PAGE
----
A wok range can be fired either by natural gas or liquid propane. It is important to identify the type of gas available before ordering the equipment so burners can be specified to match.
Some wok ranges are equipped with a cascading water spray feature to keep the range cool and easy to clean. If you're considering this feature, ensure that a drain line is available near the range and that a grease trap will be connected to it.
If you intend to cook rice in a steamer, a potable (food safe) steam source is necessary, often not the case in on-site venues. The alternative is to specify a built-in steam boiler along with the steamer as part of the basic station design.
Despite its rising popularity, you shouldn't assume Asian-style cooking will automatically be popular in a given venue. Careful research should determine that there is a demand for it. This can also help you identify favorite items customers buy at local establishments and guide menu development.
Understanding the eating habits of customers in a particular venue and being able to rate and prioritize desired menu options can also help you build management consensus for and acceptance of a particular concept.
In high volume environments, it's also important to ensure that selections can be easily prepared while maintaining consistency in quality, taste and value. Asian stations are generally open for lunch and dinner service. To minimize down time, some operators combine this station with others to form an international station cluster.
These can include a Mongolian grill, a sushi bar and/or a flat top Hibachi grill in addition to the wok cooking area. The benefits of co-sharing a cooking platform are many, including an increased flexibility to meet changing demands for menu rotation, increased labor efficiency (by cross training staff to operate various pieces of equipment) and the ability to utilize the station all day long.
Batch Cooking vs. Cook-to-Order
Two levels of production and service are typical. The first is batch-style cooking in which food is cooked in larger portions and moved to pans on the serving line. This is common in high volume venues or in restaurant buffet lines. Efficient operation requires that cooking staff gauge ongoing demand for specific items and adjust production to match, as some offerings will require more frequent replenishment than others.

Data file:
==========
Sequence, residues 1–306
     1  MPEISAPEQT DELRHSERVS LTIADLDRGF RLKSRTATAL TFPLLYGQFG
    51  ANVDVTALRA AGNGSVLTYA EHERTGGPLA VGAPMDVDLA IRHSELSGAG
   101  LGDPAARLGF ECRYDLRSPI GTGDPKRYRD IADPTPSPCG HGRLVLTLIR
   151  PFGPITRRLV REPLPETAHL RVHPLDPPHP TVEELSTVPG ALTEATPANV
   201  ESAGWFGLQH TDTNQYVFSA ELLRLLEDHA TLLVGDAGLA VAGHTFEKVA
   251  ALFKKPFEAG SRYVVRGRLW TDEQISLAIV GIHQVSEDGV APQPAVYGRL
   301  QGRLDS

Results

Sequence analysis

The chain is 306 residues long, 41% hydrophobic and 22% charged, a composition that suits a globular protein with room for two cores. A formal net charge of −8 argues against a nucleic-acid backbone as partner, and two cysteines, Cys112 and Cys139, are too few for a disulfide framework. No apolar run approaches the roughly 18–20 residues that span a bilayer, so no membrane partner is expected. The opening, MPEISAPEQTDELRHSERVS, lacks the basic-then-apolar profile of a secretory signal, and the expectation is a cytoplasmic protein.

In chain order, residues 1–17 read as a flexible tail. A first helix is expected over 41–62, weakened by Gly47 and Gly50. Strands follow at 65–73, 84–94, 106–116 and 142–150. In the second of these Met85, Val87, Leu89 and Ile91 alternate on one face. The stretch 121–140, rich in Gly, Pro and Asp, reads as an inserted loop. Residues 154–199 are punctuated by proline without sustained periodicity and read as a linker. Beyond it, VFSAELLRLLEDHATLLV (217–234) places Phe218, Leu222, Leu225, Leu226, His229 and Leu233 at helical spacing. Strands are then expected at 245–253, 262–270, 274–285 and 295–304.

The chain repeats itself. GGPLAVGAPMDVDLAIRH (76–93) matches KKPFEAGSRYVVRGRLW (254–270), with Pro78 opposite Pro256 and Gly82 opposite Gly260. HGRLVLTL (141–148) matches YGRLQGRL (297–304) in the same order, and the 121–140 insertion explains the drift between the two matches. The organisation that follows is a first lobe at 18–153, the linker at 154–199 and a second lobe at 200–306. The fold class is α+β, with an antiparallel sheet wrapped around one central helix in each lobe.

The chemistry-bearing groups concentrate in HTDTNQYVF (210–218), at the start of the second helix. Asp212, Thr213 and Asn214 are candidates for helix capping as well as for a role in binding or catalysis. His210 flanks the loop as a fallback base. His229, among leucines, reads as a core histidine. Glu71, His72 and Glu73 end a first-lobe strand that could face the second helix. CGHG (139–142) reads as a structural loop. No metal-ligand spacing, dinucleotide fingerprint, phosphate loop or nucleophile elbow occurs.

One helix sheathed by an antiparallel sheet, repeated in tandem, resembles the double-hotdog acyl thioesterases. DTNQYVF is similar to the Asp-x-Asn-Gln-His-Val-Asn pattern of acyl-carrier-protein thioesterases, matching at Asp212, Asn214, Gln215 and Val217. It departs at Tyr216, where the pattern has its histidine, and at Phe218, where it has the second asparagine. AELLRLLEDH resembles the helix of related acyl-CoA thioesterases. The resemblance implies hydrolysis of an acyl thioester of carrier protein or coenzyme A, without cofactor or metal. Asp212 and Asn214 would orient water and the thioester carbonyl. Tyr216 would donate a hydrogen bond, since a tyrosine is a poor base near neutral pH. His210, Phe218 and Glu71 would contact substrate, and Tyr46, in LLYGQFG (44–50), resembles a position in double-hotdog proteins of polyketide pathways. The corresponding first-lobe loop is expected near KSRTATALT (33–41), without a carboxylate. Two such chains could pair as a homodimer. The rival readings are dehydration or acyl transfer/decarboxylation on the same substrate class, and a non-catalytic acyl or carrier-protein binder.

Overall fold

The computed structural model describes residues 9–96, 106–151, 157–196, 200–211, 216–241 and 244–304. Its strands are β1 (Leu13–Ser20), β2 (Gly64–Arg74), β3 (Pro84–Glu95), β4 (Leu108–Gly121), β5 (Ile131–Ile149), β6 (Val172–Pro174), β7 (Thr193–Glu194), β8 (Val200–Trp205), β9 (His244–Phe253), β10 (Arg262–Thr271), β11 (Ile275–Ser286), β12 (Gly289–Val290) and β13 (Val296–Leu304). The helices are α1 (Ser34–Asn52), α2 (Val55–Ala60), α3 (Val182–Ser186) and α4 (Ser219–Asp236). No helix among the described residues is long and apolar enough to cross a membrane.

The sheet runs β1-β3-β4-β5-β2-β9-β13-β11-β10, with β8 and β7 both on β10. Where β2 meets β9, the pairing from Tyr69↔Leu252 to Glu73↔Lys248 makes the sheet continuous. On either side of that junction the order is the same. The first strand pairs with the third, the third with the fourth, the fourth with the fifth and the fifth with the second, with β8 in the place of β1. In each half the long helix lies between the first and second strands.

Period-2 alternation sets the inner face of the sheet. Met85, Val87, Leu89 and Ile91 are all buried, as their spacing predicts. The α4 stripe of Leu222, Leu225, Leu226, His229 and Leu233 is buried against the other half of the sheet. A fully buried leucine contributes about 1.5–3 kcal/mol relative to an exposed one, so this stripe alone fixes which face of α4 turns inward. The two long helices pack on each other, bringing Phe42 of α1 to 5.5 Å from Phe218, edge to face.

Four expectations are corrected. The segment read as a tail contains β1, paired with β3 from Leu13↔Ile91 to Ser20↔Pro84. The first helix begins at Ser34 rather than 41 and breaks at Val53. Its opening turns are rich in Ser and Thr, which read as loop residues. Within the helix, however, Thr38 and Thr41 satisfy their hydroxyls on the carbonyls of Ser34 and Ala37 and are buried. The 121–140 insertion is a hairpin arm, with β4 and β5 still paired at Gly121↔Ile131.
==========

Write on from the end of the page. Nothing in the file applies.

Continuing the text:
The second style of service is a cooked-to-order scenario. This is more prevalent in commercial restaurants. Again, a smaller, hand held wok over a 13” or 16” diameter chamber is more conducive to individual portion cooking.
Planning a successful Asian station concept also requires careful thought as to how key ingredients will be prepped in advance and stored for ongoing use. Fresh ingredients sliced or cut into bite size portions are essential to achieve authentic results and this adds additional labor costs to the mix.
Adding a fully equipped Asian station will cost about $80,000. It's usually a good investment considering the wide range of menu choices one of these stations can generate.
Albin Khouw is Senior Vice President of Design and Operations for Porter Khouw Consulting, Inc. a foodservice planning and design consulting firm based in Crofton, Maryland. www.porterkhouwconsulting.com
Single chamber wok range ($4,400-$9,000)
Double chamber wok range ($6,200-$10,000)
Refrigerated ingredient station (27-32"" wide unit, $2,000-$3,200)
Rice cooker (40-50 cup capacity, $250-$500)
Exhaust ventilator with fire protection system - varies with size of cooking line (approximately 12" long with MUA ($10,000-$15,000)
Hand sink ($700-$1,200)
Fryer battery w/ filter (2 fryers w/ heated dump, $13,000-$28,000)
Reach-in refrigerator ($7,000-$12,000)
Convection steamer (5 pan electric counter unit, $5,000-$7,500)
Rice warmer (23 cup capacity, $200-$400)
Hot Well for self serve sides & appetizers ($2,000-$3,000)
Under counter warmer for ribs & pot stickers ($5,000-$7,100)